Flight check: London Stansted to Glasgow on Ryanair

By Max Bania

Max Bania flies FR7492 from England to Scotland.

Sadly, there was no haggis or whisky aboard Max Bania's Ryanair flight to Glasgow. Photo / Creative Commons image by Flickr user Ben Salter
Sadly, there was no haggis or whisky aboard Max Bania's Ryanair flight to Glasgow. Photo / Creative Commons image by Flickr user Ben Salter

The plane: A Boeing 737-800. At the time of writing, Ryanair boasts a mere 354 of them.

Class: There's only one on Ryanair, although for just £15 ($NZ27) extra you can enjoy an extra few millimetres of leg room up the front.

Price: £26.50, plus an extra £4 for seat selection and £2 for priority boarding — money well spent to avoid the long boarding queue.

Flight time: 59 minutes. We take off 13 minutes late but arrive eight minutes "early", thanks to Ryanair's policy of assigning much-longer-than-actual-flight-times to its routes (80 minutes in this instance); thereby allowing it to trumpet more "on-time" arrivals.

My seat: 18A. Over the wing, by the window. Plenty of leg room for this average-sized adult male.

Fellow passengers: A mix of English businessmen heading north and Scottish families returning home.

One of the joys of flying to Glasgow on a Monday morning is you're unlikely to be wedged between a 30-strong contingent of louts on a stag do.

How full: I've never seen an empty seat on a European low-cost carrier.

Entertainment: Ryanair has long since dispensed with luxuries such as seat pockets, so the hostesses hand out magazines before take off to those who want them. There is also duty-free shopping and scratch-and-win tickets, perpetually on sale for "half price" at £2. You're more likely to see a Turkish rug at full price than you are a scratch-and-win ticket on Ryanair.

The service: Two hostesses with lovely lyrical Scottish accents up the front, and two Spanish hosts down the back. The service is friendly and polite. One of the Spanish hosts briefly prevents me from boarding while he throws out a bag full of the last set of passengers' rubbish, which gives you an insight into how quick the turnarounds are on these flights.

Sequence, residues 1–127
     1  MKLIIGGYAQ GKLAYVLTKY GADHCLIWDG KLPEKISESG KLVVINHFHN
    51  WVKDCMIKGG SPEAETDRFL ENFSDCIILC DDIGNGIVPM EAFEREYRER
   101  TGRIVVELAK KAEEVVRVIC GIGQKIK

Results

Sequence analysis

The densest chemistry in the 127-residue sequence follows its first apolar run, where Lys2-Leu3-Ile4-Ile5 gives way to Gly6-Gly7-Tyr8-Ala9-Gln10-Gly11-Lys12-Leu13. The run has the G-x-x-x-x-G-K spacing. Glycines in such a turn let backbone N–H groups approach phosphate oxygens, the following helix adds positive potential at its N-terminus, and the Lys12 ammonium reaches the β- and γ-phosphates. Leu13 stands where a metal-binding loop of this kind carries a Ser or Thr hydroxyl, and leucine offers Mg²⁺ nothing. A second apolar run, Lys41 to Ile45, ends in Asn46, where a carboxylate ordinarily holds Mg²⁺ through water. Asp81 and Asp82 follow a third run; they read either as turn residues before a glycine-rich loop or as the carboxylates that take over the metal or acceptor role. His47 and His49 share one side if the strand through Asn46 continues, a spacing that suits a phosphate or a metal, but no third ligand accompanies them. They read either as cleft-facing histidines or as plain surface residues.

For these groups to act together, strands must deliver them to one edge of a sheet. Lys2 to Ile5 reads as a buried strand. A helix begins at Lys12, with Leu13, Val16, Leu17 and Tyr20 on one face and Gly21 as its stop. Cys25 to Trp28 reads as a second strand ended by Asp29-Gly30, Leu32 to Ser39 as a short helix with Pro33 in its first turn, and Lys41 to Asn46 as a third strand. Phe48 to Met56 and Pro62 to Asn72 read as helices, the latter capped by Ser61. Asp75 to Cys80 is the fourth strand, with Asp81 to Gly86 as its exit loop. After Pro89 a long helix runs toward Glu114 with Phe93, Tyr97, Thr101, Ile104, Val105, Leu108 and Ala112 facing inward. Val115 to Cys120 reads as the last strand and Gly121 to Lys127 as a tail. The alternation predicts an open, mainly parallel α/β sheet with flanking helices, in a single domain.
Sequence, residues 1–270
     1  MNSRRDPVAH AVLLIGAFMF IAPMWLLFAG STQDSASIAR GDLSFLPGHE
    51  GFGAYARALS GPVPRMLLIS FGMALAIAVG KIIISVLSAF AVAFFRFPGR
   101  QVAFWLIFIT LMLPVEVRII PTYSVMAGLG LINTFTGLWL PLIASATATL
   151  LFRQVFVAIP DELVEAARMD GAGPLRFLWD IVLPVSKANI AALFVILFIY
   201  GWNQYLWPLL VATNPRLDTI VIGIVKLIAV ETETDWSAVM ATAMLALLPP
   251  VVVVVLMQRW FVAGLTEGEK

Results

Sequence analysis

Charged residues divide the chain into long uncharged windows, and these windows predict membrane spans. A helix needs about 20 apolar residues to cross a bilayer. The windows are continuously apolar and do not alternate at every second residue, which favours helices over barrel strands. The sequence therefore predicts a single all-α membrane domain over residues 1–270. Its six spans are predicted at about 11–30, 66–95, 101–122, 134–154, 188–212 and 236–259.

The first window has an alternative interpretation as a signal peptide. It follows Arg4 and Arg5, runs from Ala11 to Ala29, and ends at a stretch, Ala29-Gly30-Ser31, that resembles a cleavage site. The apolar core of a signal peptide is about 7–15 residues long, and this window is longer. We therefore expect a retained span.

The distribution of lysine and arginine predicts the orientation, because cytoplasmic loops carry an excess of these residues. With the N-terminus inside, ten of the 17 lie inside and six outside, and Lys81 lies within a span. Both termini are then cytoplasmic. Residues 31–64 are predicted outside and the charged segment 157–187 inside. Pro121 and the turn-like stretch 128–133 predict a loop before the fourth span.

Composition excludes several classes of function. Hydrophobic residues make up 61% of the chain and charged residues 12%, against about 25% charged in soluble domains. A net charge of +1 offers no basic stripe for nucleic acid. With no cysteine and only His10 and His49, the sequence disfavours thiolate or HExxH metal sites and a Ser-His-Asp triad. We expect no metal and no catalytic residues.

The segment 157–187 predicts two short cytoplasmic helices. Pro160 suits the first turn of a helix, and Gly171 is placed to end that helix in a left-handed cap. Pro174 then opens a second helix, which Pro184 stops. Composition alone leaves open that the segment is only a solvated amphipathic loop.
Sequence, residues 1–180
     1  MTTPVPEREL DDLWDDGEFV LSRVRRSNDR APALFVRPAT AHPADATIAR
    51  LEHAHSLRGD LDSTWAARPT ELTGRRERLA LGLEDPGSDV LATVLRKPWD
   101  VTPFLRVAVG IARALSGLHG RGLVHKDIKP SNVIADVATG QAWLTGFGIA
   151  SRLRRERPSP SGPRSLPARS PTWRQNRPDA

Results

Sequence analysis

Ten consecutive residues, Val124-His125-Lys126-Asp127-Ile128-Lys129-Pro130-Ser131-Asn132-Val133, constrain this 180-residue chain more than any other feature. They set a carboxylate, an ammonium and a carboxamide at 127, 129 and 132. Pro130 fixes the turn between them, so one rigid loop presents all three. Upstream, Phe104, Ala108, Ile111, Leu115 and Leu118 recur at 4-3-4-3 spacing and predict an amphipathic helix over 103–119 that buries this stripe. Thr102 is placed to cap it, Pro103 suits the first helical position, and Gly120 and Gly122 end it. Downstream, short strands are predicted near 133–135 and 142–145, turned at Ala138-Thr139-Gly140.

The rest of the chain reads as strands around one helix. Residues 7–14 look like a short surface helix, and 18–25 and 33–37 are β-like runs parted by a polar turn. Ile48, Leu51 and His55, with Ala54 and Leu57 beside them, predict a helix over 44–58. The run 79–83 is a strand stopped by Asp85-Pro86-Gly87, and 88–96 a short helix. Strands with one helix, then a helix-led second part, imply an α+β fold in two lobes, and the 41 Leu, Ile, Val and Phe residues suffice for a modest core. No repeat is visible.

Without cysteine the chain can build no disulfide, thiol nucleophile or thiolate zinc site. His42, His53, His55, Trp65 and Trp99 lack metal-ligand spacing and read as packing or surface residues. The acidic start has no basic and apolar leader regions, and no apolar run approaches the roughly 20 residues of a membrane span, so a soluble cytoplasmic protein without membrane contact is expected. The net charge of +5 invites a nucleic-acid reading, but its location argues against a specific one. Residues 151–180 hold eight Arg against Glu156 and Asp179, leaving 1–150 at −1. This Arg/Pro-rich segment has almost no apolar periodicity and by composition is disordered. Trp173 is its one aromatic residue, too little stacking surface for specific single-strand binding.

Food and drink: No haggis or whisky, sadly. Just the usual selection of panini and club sandwiches. Why would you ever pay for food on a plane when you could buy better, cheaper food and bring it on board?

The toilets: Standing room only. Well not quite, but you get the picture.

Luggage: £25 to check a bag in. Ryanair don't actually appear to be as militant about their cabin baggage allowance as aviation folklore would have you believe. There's no weight limit, for one thing and they've never challenged me on the size of my cabin bag even though I'm pretty sure it would never fit into one of those little "does your bag fit here?" contraptions you see at gates.

The airport experience: Stansted is comfortably the least-terrible of London's secondary airports. Security is quick and the facilities are modern and well-designed. Glasgow airport is surprisingly small and therefore easy to negotiate.

Going low-budget: I've absolutely had it with people flying low-cost carriers and then complaining about the experience. The fundamental law of consumerism is you get what you pay for. Why should people expect anything different of air travel? Yes, Ryanair cuts corners in its service and enforces its rules harshly, but if it didn't, it couldn't fly people anywhere in Europe for next to nothing. If you don't like it, stop complaining and stump up for a full-service airline.

Would I fly this again? Yes. I'm too poor to stump up for a full-service airline.

- NZ Herald

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